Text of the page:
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A biography of the screen legend, based on interviews with family and friends, discusses her early years, her personal life, her work opposite Hollywood's greatest leading men, and her tireless work for UNICEF
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Adoring life of Hepburn (``the prettiest, sweetest angel in heaven''), written with help from the actress (1929-93) herself during her final year. Support from Hepburn clearly helped Maychick (Meryl Streep, 1984) straighten out the actress's background: noble Dutch lineage; early years in the Netherlands under the Nazis; Resistance activities; dysfunctional family; first inroads of her eating disorder; misfire as a dancer; first films in Britain, and so on. But Maychick got less help on the real dirt, such as Hepburn's affair with married William Holden (``the love of her life''), whom she dumped when he said he'd had an irreversible vasectomy and couldn't have children. A chubby child with an addiction to chocolate, Hepburn turned off all interest in food during the war years, especially when driven by the Nazis into hiding alone for a month in a cellar, where she created a purposeful distaste for what she couldn't have. She hit it big simultaneously on Broadway-- having been discovered by Colette herself to play Gigi--and in Hollywood, winning on the same night an Oscar and a British Film Institute citation as best actress (both for Roman Holiday). A Tony (for Giradoux's Ondine) and a cover story in Time soon followed-- but few fans knew that Hepburn had little background in Hollywood films, or that her gamin innocence was the real thing. (Asked how he liked ``working with that dream girl'' in Sabrina, Bogart replied, ``She's okay, if you like to do 36 takes.'') Hepburn's marriage to lesser star Mel Ferrer drained her, as did some miscarriages, though a son finally came. She died of colon cancer right after visiting Somalia for UNICEF. Hepburn lends a gripping spine to Maychick's styleless but serviceable effort. (Sixteen pages of b&w photographs) (First serial to Cosmopolitan) -- Copyright ©1993, Kirkus Associates, LP. All rights reserved.From Booklist:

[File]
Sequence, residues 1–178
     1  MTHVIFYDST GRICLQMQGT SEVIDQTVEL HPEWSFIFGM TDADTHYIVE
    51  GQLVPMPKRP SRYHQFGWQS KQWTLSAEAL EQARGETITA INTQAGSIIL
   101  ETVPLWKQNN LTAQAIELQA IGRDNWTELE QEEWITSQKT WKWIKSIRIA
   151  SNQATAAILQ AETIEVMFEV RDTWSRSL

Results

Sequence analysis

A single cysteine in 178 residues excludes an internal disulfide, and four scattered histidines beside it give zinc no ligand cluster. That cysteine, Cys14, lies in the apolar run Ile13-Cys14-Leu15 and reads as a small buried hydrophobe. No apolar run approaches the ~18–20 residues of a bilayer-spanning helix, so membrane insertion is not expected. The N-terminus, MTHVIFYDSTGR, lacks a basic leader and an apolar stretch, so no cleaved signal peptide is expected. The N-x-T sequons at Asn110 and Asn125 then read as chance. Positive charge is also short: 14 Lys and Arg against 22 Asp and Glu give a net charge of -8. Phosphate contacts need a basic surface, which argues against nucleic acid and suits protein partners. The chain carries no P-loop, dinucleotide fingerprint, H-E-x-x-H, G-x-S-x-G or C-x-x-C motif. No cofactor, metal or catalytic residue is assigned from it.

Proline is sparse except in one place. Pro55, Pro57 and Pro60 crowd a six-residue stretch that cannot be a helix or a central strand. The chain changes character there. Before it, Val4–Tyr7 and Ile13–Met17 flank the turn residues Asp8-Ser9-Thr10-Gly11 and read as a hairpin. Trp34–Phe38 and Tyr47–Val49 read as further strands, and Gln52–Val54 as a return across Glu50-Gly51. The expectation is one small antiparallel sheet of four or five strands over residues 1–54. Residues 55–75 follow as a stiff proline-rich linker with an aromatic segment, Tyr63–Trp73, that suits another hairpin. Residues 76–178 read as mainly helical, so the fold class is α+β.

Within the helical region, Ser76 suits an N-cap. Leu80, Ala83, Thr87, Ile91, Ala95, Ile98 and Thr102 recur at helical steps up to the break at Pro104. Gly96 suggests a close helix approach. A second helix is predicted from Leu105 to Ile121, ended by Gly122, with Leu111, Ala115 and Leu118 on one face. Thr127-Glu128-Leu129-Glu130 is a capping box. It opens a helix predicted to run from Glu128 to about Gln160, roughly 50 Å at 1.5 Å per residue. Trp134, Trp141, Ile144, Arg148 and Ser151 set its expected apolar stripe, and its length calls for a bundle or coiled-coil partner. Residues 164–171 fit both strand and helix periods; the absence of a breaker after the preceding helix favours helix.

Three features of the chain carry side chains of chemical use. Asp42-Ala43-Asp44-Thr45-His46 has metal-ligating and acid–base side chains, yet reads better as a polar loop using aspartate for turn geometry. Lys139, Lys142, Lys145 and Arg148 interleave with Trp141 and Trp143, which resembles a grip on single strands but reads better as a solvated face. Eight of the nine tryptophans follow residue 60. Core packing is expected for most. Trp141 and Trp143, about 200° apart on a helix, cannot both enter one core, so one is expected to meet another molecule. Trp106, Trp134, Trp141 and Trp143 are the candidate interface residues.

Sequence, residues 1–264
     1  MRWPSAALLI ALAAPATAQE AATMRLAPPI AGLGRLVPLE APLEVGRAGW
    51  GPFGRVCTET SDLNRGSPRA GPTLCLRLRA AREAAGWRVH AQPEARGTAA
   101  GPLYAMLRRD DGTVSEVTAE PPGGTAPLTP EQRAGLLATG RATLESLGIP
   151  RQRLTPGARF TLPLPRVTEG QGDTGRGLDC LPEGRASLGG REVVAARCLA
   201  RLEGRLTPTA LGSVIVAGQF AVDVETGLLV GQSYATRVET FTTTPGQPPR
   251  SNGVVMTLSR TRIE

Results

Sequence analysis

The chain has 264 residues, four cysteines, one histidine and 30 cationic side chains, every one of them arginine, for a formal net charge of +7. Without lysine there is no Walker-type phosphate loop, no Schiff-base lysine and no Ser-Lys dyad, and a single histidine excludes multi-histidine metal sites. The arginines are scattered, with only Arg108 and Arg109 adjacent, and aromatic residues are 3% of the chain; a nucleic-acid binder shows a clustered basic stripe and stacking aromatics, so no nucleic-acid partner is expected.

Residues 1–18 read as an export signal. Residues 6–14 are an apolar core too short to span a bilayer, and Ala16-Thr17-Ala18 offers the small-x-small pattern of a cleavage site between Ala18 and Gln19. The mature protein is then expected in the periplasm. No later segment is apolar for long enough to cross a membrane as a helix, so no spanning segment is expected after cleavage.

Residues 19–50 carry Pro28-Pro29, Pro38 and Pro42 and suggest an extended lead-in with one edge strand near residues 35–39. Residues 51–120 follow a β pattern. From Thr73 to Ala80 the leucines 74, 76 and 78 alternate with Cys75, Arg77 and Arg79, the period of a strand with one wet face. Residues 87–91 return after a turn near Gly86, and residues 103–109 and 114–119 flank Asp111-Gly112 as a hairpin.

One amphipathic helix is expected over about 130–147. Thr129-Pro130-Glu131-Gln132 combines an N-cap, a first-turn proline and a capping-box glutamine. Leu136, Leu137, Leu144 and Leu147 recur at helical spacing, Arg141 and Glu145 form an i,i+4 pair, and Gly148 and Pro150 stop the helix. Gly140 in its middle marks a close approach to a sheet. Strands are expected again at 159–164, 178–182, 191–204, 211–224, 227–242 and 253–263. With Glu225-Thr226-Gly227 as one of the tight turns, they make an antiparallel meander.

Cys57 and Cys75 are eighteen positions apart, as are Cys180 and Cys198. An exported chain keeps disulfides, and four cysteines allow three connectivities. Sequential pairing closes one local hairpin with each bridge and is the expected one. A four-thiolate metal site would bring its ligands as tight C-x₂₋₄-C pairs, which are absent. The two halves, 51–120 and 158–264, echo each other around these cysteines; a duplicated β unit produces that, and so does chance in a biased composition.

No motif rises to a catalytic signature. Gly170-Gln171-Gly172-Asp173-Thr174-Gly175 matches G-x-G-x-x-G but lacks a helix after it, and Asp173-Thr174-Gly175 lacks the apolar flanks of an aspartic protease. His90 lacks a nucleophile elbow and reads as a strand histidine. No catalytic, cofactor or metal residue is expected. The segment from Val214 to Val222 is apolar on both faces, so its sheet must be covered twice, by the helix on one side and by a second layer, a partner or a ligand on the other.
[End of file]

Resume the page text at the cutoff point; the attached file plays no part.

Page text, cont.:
It would be nice to think that anyone as lovely as Audrey Hepburn would have lived a happy, lovely life as well, but this engaging biography, written with the late Hepburn's assistance, paints a different picture. Born of an English-Irish father, who became a Nazi sympathizer during World War II, and a Dutch noblewoman, who was a leader in the Dutch Resistance, the young Audrey spent the war years spying and starving, reduced at one point to eating tulip bulbs. This early deprivation contributed to her lifelong problem with food; Hepburn, who often refused to eat in times of stress, would be considered an anorexic by today's standards. Her love life was not much happier, with two failed marriages, the first to actor Mel Ferrer. But she had her children and her career--and, eventually, a companion, Robert Wolders. She also had her work with UNICEF, which became a highlight of her life. Maychick pads her narrative a bit by giving the plots of Hepburn's movies more than their share of attention, but, along with learning about the actress' real-life tragedies, Audrey's legion of fans won't mind being reminded of her magical moments on the screen. Ilene Cooper
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Book Description Thorndike Pr, 1994. Condition: New. book. Seller Inventory # M0786201037